Friday, February 29, 2008

We are free to leave the country.

Our passports arrived today, so we are good to go for our trip to Mexico in April! Kudos to the passport agency - the turn abound time on our passports was only 3 weeks. Hubby is having a crummy time at work and is threatening to stay in Mexico, indefinitely. ;P

Tuesday, February 26, 2008


Someone really thought it was necessary to bring back jelly sandals? Thankfully I was just slightly too old to have fallen for this fad their first time around. Lord grant me the strength to stand strong and remain unmoved by the desperate pleas of my 8 year old daughter, who can't begin to understand the deep loathing I have for these shoes.

These same jelly sandal people were probably also on the committee responsible for the rebirth of leg warmers. I didn't wear those either. That's right. I'm no slave to fashion.

Monday, February 25, 2008

Balance, balance, use your balance..

(If you haven't checked in recently, be sure to scroll down for more entries, including pictures from our trip to the reptile zoo!)

Jo-jo's circus, anyone? Nevermind.

Since we had spent Saturday split up and scattered to the far reaches of the greater Seattle area, we decided to spend Sunday altogether as a family. With the weather still being nice, and with A. having celebrated a fifth bday this month (and already having demonstrated some decent balancing skills), I suggested we take the training wheels off of his bike. I packed up a picnic lunch, we loaded the kids' bikes into the van, and headed over to Farrel-McWhirter park in Redmond. It's the same location N. learned to ride without training wheels a couple years ago - there's an area with a nice, gradual slope, and a dirt/gravel/grass surface that's less painful to crash on (always important). Here's the play-by-play in pictures:

Kids hopping on their bikes.

Daddy gets boy-boy steady.

Daddy helps get him going.

Mommy takes over (I didn't get a picture of the first time A. took off on his own - it ended in a crash that I could hear from around a bend in the path, and it took some convincing to get him to hop back on for another go).

And he's off!

He was pretty exhausted after this, so the kids went off into the woods, first with Daddy,

and then on their own. They were out there alone for 30 minutes or so - not terribly long, but it felt like an adventure to them. Hubby and I figure it's good for them to have some unsupervised kid-time in the woods, and we could hear them every once in a while, so we knew they were safe. When they returned, they wanted to take us on their "path" - they had tried to see how far they could go only walking on fallen logs.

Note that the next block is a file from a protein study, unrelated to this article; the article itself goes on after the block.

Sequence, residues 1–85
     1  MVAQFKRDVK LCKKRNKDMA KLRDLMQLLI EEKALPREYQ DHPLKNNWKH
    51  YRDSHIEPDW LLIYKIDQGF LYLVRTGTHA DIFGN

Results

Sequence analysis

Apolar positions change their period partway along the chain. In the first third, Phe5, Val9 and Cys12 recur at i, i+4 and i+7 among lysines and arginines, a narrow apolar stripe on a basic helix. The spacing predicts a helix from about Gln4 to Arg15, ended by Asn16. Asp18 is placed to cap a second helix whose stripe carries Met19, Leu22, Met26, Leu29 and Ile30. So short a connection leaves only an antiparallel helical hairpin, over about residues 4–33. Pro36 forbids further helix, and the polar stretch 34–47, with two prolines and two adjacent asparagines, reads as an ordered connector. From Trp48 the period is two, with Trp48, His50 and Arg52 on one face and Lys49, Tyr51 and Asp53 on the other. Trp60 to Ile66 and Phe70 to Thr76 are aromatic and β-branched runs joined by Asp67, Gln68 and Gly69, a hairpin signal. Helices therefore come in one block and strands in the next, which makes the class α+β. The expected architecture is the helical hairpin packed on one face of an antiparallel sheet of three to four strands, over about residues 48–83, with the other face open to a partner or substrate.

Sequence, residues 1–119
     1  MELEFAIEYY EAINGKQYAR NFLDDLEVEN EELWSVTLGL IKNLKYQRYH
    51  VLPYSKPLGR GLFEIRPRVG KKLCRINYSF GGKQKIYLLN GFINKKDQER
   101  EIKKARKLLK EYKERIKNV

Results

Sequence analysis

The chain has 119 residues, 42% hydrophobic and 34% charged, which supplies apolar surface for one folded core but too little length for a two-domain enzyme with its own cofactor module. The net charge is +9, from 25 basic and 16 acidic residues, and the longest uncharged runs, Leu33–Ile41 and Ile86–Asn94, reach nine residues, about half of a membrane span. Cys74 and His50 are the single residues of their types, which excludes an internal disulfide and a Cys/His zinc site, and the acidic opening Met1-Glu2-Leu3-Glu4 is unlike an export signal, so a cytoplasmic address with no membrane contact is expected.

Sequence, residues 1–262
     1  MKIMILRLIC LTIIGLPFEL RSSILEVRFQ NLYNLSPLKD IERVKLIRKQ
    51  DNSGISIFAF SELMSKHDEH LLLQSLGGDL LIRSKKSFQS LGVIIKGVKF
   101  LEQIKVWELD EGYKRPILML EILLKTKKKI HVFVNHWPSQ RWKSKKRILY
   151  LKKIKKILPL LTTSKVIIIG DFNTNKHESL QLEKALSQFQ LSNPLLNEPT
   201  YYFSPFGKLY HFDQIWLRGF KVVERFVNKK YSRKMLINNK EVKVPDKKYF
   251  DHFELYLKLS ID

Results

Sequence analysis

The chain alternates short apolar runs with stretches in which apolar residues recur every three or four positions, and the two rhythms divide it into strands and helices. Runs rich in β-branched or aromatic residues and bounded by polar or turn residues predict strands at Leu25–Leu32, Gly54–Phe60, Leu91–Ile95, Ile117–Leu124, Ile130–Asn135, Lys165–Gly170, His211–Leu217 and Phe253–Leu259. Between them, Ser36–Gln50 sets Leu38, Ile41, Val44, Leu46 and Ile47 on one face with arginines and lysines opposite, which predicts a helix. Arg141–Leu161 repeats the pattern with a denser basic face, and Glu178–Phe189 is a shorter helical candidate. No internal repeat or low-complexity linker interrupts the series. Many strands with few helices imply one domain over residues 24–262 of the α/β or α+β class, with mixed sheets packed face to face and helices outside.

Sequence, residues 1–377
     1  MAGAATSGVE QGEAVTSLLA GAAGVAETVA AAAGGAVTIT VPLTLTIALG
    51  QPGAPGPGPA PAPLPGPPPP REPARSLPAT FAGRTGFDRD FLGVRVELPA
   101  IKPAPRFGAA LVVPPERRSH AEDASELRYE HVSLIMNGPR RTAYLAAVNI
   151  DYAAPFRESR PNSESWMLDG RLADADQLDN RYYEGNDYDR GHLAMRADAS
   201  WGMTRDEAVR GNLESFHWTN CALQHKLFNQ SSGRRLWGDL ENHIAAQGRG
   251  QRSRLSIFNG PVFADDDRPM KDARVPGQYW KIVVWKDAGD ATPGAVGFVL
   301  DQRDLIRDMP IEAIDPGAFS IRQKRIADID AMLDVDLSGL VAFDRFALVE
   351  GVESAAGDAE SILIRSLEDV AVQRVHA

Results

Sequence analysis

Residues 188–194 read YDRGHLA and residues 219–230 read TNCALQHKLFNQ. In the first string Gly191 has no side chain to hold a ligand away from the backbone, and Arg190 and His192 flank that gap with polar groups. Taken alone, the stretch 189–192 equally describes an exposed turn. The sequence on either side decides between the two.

This is me, trying to cross a log over a stream crossing. The kids naturally scrambled over this with no problem, even N. who tends to get anxious about these things. Of course hubby was over like a shot, having grown up with this stuff. But not me. I'm clinging to these poor little branches for dear life. In spite of that, I nearly tripped over an itty-bitty little nub of a branch near my left foot. Why is it that two feet suddenly seems so high when it's over water? Hubby reminded me that the creek is so low I'd likely only get my feet wet, but I explained that it wasn't wet shoes, or bodily injury I was worried about - more the wounded pride I was anticipating. If nothing else, the kids were getting a kick out of watching me try to cross this toothpick of a log suspended over a roaring rapids.

Hubby is lucky that I have a sense of humor. Here's me making it back to solid land. What a relief. The kids made the daddy stick close to me for the rest of the hike to help out the poor mommy. After 15+ years of traipsing through the woods, I still retain the balance of a drunk sailor. Hopefully the kids will take after their father!

Sunday, February 24, 2008

Roman art from the Louvre was so cool!!!

N. and I had the best time on Saturday! We were just wrapping up two months of learning about the Roman Empire, from its beginnings with King Romulus to its fall in 476 AD, when I learned that this exhibit was opening at the Seattle Art Museum this weekend. Saturday was Family Day, so there were a lot of activities planned for the kids (Roman-themed coloring pages, decorating cloth bags, button making, face painting, a juggler, Roman era costumes to try on), as well as live music and roaming actors and actresses dressed as gladiators and patricians (N. suggests that the women may have been dressed as emperors' wives). Before we left we had downloaded the audio tour from the SAM website, and N. listened to it on the drive over. She was really into it, and I'd hear an excited exclamation once in a while from her, but otherwise she refused to tell me what she was hearing about because, she said, "You'll hear it when you get there!"